Page last updated at 22:41 GMT, Thursday, 5 November 2009

Royal Mail strikes are called off

Advertisement

Brendan Barber: "After intensive negotiations an agreement has been reached"

The postal strikes have been called off until at least the New Year to allow for fresh talks between Royal Mail and the Communication Workers Union.

TUC general secretary Brendan Barber said the decision had been made to provide "a period of calm" in which the two sides could reach a long-term deal.

He said that meant Royal Mail deliveries would be "free of any disruption" over Christmas.

However Mr Barber said that securing a final deal remained a long way away.

He was speaking after the TUC helped to broker the agreement between the two sides to end the strike action.

The industrial dispute has been over the level of job losses the Royal Mail says are necessary as part of its modernisation plans.

While the CWU accepts that some redundancies are required, the two sides disagree over their extent.

They also disagree over changes to pay and working conditions for Royal Mail staff that remain in their jobs.

'Work hard'

CWU deputy general secretary Dave Ward said the decision to end the strike action had been unanimously agreed by its executive board.

Lord Mandelson
It's important that both sides now keep talking about the next phase of modernisation which is vital for the company's future
Business Secretary Lord Mandelson

"We can now have a period of calm where we hope we can genuinely take forward modernisation in a way that puts the union at the centre," he said.

Yet he added that the union recognised the forthcoming negotiations would be difficult, saying the dispute had been "bitter".

"It will take exceptional efforts to rebuild trust," he said. "But we will work very hard to ensure that the agreement stays on track."

Royal Mail managing director Mark Higson said he now looked forward "to positive and constructive discussions on the next stage of Royal Mail's modernisation plan".

"I'm delighted for our customers and our people that we've got back to a sensible agreement with the CWU that will allow us to deliver a great Christmas while getting on with the vital talks about the longer term future of Royal Mail," he added.

Legal action

The CWU also confirmed that it was not now pressing ahead with its legal challenge to the Royal Mail over its policy of employing temporary workers to deal with the postal backlog.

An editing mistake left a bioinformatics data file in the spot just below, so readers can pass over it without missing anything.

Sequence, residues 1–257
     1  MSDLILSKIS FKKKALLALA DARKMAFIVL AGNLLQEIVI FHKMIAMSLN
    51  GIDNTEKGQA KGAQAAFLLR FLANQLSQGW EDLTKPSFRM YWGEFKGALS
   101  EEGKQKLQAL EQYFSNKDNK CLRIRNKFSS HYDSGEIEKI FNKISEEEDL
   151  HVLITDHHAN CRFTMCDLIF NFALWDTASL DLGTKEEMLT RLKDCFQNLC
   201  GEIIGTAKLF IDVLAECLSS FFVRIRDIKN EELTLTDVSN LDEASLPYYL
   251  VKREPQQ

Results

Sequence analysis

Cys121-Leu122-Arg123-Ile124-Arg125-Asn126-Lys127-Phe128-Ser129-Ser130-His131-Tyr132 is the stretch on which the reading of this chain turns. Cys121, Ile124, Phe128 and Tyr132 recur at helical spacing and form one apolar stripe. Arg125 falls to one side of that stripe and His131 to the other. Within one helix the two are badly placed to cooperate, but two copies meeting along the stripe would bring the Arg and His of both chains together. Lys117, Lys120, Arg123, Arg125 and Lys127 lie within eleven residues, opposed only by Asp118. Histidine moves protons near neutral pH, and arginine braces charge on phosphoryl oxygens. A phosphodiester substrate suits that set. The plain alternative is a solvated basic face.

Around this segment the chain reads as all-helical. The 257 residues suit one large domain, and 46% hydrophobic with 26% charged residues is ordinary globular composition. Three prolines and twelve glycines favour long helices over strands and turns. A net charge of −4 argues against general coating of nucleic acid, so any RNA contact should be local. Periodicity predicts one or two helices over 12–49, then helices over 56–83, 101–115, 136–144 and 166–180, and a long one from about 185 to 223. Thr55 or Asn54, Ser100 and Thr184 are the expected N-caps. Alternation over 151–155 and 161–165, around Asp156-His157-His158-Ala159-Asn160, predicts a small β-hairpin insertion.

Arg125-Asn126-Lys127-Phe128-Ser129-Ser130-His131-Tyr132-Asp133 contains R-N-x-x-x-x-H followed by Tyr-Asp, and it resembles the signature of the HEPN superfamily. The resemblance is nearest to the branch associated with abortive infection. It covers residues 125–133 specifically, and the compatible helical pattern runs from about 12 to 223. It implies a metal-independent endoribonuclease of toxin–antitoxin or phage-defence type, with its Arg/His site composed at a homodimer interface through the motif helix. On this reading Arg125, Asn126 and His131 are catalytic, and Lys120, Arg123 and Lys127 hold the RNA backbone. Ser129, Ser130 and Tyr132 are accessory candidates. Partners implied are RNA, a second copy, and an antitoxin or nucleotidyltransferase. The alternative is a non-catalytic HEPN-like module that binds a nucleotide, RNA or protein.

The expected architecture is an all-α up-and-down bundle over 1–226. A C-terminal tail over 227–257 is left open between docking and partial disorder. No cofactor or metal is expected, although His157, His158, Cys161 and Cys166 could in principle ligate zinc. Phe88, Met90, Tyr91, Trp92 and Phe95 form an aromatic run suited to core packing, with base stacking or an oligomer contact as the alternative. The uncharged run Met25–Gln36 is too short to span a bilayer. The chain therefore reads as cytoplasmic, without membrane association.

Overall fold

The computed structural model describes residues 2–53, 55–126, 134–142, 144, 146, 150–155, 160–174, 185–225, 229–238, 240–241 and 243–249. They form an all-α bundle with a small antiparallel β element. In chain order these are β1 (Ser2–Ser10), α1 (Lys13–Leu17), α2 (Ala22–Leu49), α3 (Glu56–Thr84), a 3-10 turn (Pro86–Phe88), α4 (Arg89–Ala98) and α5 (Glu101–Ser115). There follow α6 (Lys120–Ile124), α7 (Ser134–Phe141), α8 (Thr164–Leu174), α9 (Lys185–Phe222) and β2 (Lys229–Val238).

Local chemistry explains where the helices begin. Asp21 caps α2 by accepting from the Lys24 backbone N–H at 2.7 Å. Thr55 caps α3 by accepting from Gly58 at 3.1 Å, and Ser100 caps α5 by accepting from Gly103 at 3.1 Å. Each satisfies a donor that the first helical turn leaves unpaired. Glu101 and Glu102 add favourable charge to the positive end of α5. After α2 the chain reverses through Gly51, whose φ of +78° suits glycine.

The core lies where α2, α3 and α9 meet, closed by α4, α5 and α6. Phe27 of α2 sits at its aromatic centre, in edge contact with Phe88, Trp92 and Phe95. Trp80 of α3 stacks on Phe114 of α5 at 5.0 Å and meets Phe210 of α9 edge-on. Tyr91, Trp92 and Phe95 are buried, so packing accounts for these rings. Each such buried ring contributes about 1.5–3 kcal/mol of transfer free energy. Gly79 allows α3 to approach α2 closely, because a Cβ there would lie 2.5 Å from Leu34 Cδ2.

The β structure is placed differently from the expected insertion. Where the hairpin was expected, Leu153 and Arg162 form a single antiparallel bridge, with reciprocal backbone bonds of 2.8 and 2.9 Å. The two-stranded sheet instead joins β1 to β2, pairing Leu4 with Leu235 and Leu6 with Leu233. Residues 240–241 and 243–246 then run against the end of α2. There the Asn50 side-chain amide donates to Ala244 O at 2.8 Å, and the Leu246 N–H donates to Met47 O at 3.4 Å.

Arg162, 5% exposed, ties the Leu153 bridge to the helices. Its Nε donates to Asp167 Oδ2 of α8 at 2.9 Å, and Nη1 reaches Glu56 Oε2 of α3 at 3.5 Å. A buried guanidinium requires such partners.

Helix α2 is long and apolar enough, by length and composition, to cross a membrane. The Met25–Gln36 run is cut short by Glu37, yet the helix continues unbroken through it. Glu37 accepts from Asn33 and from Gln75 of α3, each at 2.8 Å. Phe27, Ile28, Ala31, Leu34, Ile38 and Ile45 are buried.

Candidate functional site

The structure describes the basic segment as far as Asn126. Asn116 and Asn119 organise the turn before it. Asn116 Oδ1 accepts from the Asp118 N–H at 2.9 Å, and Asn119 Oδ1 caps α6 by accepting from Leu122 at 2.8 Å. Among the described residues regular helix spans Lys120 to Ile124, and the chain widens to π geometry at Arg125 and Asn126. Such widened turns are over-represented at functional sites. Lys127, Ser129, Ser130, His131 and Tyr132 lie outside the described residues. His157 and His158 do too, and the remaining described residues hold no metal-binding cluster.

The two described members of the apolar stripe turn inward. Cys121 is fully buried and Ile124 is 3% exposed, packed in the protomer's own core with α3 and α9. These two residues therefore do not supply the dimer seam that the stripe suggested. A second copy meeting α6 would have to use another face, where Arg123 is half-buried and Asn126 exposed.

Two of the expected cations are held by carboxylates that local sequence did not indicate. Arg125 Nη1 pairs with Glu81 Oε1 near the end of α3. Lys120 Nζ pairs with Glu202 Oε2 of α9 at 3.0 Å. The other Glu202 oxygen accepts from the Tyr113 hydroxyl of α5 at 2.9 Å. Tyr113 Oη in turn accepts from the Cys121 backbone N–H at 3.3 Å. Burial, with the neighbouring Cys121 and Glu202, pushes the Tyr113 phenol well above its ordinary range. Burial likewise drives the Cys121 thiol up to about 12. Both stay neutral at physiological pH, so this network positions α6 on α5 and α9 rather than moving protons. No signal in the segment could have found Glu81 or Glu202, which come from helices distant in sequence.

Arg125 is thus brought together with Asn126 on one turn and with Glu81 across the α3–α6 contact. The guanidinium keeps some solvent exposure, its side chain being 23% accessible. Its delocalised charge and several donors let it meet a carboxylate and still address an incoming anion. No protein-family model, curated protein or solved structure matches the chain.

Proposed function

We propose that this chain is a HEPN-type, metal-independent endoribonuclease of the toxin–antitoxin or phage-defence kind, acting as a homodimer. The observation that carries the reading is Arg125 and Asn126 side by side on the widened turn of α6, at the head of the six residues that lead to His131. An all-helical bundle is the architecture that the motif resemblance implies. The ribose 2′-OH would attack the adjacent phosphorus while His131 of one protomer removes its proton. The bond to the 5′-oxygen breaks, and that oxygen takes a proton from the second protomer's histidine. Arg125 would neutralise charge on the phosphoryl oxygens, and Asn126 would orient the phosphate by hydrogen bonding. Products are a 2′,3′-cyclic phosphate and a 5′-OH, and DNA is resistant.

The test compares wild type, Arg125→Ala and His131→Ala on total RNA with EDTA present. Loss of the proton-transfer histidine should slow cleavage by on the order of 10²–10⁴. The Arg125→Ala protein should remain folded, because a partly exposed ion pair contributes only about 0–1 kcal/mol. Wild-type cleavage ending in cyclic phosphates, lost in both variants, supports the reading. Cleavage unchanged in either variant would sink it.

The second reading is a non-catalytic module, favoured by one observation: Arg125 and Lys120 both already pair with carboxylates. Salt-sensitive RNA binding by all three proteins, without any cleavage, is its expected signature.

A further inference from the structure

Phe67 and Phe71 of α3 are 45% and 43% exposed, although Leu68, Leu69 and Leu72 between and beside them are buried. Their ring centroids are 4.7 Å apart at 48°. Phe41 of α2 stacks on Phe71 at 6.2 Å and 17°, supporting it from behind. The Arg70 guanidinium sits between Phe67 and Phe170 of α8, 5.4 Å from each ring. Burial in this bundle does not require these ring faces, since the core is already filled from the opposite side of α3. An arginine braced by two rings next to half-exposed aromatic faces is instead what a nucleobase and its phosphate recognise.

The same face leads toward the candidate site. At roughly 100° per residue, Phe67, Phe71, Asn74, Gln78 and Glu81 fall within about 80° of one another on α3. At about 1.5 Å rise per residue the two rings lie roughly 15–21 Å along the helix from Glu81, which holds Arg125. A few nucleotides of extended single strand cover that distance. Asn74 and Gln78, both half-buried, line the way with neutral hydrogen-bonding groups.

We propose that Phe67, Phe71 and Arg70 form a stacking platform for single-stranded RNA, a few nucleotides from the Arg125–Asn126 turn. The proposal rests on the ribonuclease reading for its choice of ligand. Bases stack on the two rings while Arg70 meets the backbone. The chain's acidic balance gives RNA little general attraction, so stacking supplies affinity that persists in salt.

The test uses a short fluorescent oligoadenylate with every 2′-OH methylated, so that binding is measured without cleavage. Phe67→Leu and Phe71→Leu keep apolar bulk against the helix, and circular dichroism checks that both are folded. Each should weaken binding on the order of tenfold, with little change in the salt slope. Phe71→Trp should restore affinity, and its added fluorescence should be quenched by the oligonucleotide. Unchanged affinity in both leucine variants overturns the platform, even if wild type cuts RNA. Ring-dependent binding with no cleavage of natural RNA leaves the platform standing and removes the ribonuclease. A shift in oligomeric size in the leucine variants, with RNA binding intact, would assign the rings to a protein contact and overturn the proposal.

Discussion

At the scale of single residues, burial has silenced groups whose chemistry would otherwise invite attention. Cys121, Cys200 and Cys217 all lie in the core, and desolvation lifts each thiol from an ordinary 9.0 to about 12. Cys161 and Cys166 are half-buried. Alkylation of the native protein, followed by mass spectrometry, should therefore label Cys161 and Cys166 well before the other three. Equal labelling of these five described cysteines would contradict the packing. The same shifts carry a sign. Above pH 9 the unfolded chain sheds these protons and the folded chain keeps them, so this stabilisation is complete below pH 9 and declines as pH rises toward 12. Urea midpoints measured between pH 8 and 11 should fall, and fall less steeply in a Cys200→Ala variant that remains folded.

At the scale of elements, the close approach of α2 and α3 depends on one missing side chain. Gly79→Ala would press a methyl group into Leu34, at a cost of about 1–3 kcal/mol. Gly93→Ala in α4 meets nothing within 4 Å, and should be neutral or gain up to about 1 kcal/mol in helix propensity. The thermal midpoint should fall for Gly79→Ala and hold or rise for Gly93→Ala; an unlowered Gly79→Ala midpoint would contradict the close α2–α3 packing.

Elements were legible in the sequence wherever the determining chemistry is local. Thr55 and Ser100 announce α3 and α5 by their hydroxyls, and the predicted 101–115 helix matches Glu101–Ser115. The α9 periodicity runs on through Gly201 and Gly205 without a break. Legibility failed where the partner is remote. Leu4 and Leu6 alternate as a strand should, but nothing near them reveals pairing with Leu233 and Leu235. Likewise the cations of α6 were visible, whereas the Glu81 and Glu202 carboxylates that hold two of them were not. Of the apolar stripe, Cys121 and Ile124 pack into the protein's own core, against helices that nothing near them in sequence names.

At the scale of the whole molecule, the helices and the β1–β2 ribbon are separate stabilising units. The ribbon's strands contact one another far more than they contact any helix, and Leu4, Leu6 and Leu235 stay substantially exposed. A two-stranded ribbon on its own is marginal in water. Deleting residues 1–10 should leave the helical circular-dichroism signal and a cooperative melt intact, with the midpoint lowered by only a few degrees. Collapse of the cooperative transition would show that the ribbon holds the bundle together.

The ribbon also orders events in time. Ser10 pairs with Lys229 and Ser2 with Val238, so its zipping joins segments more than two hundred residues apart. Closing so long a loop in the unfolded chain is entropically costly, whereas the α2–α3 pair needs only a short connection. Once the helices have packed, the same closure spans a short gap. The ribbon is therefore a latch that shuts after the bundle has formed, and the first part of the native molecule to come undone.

Postbag
Christmas deliveries will now be unaffected

It had previously been due to go to the High Court on Friday, accusing Royal Mail of using the temporary staff to try to break the strike, something Royal Mail strongly denied.

Mr Ward also issued a fresh plea for the government to help tackle the Royal Mail's £10bn pension fund deficit, saying that until that problem was dealt with, it would be difficult to overcome the "challenges" ahead.

Although the government owns Royal Mail, it has so far refused to get involved with the pension issue.

'Keep talking'

Business Secretary Lord Mandelson said he welcomed the news that further strikes had been called off.

"It's important that both sides now keep talking about the next phase of modernisation which is vital for the company's future," he said.

"Strikes do nothing to help Royal Mail, its business, its future prospects and of course the jobs and livelihoods of those who work in Royal Mail."

Until the latest announcements, CWU members had held five 24-hour strikes over the past two weeks, which involved members in different roles striking on different days.

The strikes that had been planned for Friday and Monday were to be all-out action involving up to 121,000 union members on each day.



Print Sponsor


RELATED INTERNET LINKS
The BBC is not responsible for the content of external internet sites



FEATURES, VIEWS, ANALYSIS
Has China's housing bubble burst?
How the world's oldest clove tree defied an empire
Why Royal Ballet principal Sergei Polunin quit

BBC navigation

BBC © 2013 The BBC is not responsible for the content of external sites. Read more.

This page is best viewed in an up-to-date web browser with style sheets (CSS) enabled. While you will be able to view the content of this page in your current browser, you will not be able to get the full visual experience. Please consider upgrading your browser software or enabling style sheets (CSS) if you are able to do so.

Americas Africa Europe Middle East South Asia Asia Pacific